Structure at School

Structure at School

 

Not only does behavior communicate, so does physical structure. I often ask my training participants what they thought was going to happen during my workshop when they first walked into the training room. I wanted to know what they could surmise about the training just by looking at the physical structure of the room.

Without saying a single word, the following is what they could assume:

1. A presentation was going to take place at the front of the room.

2. There would be several people in the room taking notes.

3. Attention would be drawn to charts on the wall and sample materials on
tables around the room.

4. There would be no extensive physical activity based on the placement of the
tables and chairs.

5. They would be allowed to have snacks and drinks during the session.

6. They would be taking materials and handouts with them.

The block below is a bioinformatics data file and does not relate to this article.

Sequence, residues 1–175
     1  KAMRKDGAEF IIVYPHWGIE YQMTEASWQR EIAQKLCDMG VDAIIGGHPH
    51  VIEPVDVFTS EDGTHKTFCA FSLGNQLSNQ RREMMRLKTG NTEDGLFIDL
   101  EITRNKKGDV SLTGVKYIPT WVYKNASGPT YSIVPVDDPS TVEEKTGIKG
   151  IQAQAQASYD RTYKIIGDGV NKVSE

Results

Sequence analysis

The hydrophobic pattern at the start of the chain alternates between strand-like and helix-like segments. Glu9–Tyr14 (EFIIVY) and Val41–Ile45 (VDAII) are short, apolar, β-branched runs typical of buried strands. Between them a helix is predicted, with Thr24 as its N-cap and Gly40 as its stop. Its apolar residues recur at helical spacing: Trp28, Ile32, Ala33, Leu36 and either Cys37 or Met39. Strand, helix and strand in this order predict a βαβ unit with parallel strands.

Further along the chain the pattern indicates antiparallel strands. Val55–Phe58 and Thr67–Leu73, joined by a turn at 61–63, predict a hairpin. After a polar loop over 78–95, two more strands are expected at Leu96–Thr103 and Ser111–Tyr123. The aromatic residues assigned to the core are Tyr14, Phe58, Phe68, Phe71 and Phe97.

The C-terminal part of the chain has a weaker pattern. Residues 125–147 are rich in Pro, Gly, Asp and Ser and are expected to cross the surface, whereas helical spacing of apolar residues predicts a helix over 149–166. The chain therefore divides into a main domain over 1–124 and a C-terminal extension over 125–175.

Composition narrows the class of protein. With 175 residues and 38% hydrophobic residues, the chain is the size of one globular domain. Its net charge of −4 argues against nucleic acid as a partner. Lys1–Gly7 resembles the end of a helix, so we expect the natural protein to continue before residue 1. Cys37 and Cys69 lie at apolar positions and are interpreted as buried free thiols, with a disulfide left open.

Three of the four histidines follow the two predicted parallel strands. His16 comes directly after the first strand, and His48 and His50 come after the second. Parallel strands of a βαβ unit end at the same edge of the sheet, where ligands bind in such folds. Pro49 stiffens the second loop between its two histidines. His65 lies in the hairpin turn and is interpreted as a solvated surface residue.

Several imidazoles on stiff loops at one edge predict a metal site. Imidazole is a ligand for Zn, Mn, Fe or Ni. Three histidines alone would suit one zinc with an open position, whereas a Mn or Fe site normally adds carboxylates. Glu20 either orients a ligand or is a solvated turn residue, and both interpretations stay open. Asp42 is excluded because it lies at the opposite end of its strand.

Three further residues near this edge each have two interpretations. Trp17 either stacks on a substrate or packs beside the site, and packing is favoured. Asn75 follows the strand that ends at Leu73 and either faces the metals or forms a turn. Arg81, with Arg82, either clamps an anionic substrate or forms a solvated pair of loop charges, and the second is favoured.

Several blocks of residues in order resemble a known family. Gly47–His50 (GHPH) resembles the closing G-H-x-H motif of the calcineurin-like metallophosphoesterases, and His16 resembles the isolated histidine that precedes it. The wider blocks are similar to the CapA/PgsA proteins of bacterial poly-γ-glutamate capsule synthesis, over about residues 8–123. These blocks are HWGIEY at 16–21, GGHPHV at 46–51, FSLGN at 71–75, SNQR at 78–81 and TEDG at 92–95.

7. They were supposed to sign in.

When students walk into your classroom, what do they assume just by looking
around? Are there wide-open spaces? Wide-open spaces communicate that they
are allowed to run, yell, throw things, and socialize. Undefined spaces communicate
that the student is not expected to remain in an area for any given amount time. I
recently walked into a classroom for students with emotional disorders in a middle
school setting. The room had no defined spaces and was wide open. I was called
in to consult with this teacher because she was having problems with her students
being out of control. The decibel level in the room was quite high and no one was
on task. The students were verbally taunting each other and constantly moving
about the room when they were supposed to be seating and on task. The room
communicated to these students that this behavior was acceptable even though the
teacher was trying to tell them differently.

Below are some before and after pictures to give you an idea of how I use the
concept of Rooms within a Room classroom design.

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